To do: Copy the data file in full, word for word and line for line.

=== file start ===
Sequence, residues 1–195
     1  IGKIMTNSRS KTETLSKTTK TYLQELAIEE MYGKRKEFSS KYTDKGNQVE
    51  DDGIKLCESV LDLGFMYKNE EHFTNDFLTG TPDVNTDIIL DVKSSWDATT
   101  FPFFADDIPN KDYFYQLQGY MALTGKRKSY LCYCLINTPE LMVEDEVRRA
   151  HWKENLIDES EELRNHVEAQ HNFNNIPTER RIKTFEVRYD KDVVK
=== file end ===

Sequence, residues 1–195
     1  IGKIMTNSRS KTETLSKTTK TYLQELAIEE MYGKRKEFSS KYTDKGNQVE
    51  DDGIKLCESV LDLGFMYKNE EHFTNDFLTG TPDVNTDIIL DVKSSWDATT
   101  FPFFADDIPN KDYFYQLQGY MALTGKRKSY LCYCLINTPE LMVEDEVRRA
   151  HWKENLIDES EELRNHVEAQ HNFNNIPTER RIKTFEVRYD KDVVK